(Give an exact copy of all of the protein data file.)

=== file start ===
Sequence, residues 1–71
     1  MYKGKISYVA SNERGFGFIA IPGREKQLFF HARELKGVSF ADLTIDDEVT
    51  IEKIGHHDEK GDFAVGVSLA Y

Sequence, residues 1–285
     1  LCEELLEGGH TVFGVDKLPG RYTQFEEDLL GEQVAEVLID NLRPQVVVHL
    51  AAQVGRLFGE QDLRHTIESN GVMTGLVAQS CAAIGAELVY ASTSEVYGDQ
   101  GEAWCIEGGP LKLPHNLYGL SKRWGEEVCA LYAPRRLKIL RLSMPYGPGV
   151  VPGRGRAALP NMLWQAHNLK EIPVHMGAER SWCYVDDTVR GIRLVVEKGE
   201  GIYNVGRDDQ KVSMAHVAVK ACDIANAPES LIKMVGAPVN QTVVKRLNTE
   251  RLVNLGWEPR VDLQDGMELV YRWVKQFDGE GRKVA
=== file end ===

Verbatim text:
Sequence, residues 1–71
     1  MYKGKISYVA SNERGFGFIA IPGREKQLFF HARELKGVSF ADLTIDDEVT
    51  IEKIGHHDEK GDFAVGVSLA Y

Sequence, residues 1–285
     1  LCEELLEGGH TVFGVDKLPG RYTQFEEDLL GEQVAEVLID NLRPQVVVHL
    51  AAQVGRLFGE QDLRHTIESN GVMTGLVAQS CAAIGAELVY ASTSEVYGDQ
   101  GEAWCIEGGP LKLPHNLYGL SKRWGEEVCA LYAPRRLKIL RLSMPYGPGV
   151  VPGRGRAALP NMLWQAHNLK EIPVHMGAER SWCYVDDTVR GIRLVVEKGE
   201  GIYNVGRDDQ KVSMAHVAVK ACDIANAPES LIKMVGAPVN QTVVKRLNTE
   251  RLVNLGWEPR VDLQDGMELV YRWVKQFDGE GRKVA